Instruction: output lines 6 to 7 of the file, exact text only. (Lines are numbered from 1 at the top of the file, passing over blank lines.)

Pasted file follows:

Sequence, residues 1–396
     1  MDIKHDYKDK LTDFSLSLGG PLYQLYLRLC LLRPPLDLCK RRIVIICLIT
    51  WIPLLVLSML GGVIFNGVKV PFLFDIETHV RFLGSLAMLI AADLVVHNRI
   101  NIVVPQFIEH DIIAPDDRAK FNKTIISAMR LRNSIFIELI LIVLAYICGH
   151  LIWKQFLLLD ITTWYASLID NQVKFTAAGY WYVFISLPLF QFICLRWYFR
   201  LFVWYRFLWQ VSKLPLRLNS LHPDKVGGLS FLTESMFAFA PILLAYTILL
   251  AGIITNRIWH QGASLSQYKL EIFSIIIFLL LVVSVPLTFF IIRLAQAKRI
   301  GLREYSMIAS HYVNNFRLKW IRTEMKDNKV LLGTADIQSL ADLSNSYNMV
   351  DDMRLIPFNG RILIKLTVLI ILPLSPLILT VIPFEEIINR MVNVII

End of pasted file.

   201  LFVWYRFLWQ VSKLPLRLNS LHPDKVGGLS FLTESMFAFA PILLAYTILL
   251  AGIITNRIWH QGASLSQYKL EIFSIIIFLL LVVSVPLTFF IIRLAQAKRI